'Compassion clubs' should be legal, says lawyer
A lawyer says Ottawa should authorize "compassion clubs" to supply marijuana to people who qualify under the government's medical program.
Allan Young says the federal program creates licenced users of marijana, but does not allow them to buy it from a source of their choosing.
"The biggest problem is a supply issue," he said. "It turns on whether medical users should be compelled to purchase their medicine from a government supply, which only supplies a limited strain of cannabis."
Compassion clubs are private establishments where people can buy marijuana for medicinal use. Young says technically they're illegal, but that none have been successfully prosecuted.
Young's comments come in light of the case involving New Brunswicker Lynn Wood, who was convicted last year of trafficking marijuana. She claims she was operating a compassion club.
Wood's appeal is scheduled to be heard Feb. 23.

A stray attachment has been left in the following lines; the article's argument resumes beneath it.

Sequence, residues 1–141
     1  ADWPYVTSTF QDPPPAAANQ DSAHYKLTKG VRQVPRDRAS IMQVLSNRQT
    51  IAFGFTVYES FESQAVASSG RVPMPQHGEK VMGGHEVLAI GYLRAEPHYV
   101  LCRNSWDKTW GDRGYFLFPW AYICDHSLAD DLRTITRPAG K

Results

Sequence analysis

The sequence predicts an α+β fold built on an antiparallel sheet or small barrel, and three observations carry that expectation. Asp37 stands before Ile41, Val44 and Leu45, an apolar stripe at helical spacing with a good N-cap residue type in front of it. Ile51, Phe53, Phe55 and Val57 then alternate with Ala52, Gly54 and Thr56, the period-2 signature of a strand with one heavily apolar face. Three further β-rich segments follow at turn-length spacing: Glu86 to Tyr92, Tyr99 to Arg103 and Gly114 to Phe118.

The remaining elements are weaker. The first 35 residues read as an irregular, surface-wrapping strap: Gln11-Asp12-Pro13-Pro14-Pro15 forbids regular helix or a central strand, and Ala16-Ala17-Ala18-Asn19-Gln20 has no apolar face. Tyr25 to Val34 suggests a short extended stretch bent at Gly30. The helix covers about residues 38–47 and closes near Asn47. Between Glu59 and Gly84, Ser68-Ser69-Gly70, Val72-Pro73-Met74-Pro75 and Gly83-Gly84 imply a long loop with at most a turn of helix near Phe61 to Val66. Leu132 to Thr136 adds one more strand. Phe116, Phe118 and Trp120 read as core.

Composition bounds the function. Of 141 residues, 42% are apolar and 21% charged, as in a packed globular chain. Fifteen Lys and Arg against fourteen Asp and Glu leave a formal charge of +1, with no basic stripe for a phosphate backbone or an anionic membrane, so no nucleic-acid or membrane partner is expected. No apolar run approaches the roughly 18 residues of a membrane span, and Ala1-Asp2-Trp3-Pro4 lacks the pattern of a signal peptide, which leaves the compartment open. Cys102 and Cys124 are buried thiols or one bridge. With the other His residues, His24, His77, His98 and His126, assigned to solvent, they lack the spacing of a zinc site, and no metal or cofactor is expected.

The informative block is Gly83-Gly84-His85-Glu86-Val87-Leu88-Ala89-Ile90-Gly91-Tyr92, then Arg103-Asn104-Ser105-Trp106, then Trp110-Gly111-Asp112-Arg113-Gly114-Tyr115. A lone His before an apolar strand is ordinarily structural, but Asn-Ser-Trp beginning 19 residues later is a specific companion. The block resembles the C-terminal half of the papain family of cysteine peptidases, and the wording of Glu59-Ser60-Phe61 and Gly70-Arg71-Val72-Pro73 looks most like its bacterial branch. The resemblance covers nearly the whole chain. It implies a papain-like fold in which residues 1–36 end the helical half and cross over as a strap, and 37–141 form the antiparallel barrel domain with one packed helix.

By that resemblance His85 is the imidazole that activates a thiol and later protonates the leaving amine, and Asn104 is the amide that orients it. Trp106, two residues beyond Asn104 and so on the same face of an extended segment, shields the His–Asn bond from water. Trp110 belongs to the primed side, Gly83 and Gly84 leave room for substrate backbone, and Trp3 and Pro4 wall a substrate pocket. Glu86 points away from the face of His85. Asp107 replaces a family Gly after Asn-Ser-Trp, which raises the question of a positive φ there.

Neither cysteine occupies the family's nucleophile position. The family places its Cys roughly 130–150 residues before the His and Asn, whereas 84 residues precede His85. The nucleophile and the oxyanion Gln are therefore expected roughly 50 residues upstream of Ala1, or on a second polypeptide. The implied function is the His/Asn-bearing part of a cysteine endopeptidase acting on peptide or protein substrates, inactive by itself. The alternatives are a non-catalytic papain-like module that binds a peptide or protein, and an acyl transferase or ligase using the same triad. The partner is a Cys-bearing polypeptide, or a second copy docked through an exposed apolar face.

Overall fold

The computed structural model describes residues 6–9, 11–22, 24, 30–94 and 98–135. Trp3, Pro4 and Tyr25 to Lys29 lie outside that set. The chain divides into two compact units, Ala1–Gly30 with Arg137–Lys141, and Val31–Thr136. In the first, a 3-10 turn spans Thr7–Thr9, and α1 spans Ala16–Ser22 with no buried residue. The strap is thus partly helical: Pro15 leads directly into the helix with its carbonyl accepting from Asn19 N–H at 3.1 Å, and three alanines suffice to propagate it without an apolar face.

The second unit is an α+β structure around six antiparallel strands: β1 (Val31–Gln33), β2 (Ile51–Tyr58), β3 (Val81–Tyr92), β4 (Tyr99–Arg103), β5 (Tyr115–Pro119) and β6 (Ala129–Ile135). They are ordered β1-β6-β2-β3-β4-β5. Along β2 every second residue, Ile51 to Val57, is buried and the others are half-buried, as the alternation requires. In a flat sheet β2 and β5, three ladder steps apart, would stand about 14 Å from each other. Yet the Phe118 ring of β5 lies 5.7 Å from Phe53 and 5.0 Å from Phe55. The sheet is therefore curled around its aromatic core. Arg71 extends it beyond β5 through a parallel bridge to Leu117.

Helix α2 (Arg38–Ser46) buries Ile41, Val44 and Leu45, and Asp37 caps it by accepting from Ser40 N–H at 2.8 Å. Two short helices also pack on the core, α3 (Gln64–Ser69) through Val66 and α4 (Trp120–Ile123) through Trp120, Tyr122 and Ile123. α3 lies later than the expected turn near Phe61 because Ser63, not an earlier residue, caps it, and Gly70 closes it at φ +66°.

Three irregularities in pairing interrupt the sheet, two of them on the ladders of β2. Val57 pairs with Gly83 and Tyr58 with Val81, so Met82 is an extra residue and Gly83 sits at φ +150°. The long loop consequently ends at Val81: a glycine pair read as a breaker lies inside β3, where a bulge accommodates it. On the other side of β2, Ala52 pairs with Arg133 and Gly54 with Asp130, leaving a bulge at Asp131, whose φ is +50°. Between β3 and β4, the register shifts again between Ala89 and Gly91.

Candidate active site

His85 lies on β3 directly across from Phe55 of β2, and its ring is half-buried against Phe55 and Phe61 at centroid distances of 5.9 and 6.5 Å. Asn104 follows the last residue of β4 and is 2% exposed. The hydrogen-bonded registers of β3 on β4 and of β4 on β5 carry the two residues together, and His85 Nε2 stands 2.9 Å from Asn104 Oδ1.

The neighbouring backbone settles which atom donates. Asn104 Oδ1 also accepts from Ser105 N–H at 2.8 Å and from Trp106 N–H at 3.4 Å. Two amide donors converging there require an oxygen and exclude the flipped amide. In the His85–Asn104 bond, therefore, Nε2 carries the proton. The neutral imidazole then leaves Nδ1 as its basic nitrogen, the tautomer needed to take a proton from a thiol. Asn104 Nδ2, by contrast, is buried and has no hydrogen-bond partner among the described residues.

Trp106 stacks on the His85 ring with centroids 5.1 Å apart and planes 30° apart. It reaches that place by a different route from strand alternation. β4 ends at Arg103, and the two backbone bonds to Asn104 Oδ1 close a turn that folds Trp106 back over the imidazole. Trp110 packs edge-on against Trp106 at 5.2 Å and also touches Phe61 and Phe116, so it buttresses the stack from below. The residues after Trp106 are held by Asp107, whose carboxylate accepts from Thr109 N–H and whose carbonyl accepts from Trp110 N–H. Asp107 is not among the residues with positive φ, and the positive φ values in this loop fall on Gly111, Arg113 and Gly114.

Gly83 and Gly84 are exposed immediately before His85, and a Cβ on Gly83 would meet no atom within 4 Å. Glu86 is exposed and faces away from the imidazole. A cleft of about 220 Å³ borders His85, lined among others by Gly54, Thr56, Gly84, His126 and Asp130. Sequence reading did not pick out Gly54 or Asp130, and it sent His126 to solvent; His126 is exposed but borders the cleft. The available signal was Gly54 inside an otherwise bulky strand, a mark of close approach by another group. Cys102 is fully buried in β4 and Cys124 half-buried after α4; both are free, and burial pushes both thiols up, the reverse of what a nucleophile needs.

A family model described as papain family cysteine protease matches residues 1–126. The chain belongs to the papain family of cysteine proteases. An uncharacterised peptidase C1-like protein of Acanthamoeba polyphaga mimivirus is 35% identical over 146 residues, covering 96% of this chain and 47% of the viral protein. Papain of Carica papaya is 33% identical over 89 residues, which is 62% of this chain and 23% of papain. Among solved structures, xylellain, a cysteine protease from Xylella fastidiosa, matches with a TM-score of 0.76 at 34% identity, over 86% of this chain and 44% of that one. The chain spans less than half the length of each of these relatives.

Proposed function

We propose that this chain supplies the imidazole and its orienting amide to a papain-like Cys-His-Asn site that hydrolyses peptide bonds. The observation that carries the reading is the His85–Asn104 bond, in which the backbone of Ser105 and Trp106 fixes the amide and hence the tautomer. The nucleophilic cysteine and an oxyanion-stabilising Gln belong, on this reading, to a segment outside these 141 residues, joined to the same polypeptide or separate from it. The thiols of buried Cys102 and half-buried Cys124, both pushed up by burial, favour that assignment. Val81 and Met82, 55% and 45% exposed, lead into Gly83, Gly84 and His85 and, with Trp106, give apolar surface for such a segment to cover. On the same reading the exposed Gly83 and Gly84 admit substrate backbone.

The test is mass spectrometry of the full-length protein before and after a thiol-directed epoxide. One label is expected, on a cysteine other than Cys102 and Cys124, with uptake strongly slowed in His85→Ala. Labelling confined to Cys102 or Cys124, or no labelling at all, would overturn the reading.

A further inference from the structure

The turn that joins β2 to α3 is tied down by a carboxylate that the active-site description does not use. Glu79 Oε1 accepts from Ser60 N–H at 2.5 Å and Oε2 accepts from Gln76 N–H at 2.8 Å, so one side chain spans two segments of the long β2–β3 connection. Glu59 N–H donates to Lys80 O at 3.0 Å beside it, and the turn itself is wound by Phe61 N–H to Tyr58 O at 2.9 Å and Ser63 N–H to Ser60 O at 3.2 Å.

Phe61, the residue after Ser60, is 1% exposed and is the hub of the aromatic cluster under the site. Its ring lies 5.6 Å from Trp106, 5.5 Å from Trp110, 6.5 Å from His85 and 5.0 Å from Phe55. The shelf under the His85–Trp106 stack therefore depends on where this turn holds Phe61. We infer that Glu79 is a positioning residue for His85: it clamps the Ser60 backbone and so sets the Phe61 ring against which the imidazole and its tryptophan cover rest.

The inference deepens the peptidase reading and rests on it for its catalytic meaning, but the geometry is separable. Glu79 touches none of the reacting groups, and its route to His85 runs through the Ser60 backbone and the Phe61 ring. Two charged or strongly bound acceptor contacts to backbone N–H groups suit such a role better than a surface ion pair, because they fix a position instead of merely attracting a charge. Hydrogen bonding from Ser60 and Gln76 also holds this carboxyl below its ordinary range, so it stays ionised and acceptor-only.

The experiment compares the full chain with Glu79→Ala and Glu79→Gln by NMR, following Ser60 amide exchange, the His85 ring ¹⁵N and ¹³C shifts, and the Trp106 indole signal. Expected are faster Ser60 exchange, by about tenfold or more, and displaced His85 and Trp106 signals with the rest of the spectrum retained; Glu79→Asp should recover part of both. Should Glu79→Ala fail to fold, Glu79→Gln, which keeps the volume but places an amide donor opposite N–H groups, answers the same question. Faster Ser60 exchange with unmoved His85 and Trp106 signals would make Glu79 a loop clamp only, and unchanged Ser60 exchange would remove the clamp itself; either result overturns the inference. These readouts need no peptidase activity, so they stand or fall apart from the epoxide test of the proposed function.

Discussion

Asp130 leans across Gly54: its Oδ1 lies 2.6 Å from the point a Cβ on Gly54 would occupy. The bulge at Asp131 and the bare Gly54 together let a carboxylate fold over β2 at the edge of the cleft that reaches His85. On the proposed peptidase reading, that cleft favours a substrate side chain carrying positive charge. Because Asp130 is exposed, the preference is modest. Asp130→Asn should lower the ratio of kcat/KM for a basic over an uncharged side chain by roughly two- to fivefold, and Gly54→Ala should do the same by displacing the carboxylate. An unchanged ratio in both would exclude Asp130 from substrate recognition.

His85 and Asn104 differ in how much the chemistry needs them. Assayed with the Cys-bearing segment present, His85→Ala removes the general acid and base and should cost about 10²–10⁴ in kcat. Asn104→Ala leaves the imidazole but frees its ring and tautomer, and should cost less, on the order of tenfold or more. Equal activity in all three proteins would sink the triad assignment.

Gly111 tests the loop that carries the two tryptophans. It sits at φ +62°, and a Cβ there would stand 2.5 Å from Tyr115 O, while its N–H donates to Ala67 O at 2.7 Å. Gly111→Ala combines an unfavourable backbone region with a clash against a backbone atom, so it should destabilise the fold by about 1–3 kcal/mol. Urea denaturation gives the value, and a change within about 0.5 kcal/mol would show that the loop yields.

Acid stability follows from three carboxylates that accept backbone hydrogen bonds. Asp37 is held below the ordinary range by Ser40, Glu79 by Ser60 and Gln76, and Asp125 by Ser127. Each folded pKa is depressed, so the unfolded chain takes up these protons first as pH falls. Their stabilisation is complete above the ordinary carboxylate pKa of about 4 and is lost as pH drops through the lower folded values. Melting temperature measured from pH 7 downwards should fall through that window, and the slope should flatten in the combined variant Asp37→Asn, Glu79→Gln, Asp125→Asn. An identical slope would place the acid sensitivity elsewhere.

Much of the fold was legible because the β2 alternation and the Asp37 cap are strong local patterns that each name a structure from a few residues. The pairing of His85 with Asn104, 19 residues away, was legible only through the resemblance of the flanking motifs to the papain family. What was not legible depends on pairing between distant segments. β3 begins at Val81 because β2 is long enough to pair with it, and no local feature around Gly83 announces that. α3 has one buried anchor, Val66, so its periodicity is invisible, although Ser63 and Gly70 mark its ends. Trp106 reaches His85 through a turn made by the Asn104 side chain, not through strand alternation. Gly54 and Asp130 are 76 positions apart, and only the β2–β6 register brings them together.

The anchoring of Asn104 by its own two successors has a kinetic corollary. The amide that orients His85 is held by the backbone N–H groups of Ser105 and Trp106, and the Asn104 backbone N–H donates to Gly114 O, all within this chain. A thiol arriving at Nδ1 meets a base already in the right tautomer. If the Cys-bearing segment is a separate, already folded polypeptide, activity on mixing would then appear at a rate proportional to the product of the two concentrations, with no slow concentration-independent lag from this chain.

The Justice Department has an interest in this case because it's one of 23 cases that challenge the federal marijuana laws, and Wood's could be the first decision to come down.
Wood has declined to speak to news oulets before the appeal is heard.
Alison Myrden, a client of Young's, is a licenced user because marijuana eases the pain of her multiple sclerosis. She prefers the high-grade pot available at compassion clubs over the kind she would get from a government source.
"I don't want to break the law anymore than anybody else does," she said. "These compassion clubs are our bread and butter. We have no place else to go. Nowhere else to shop."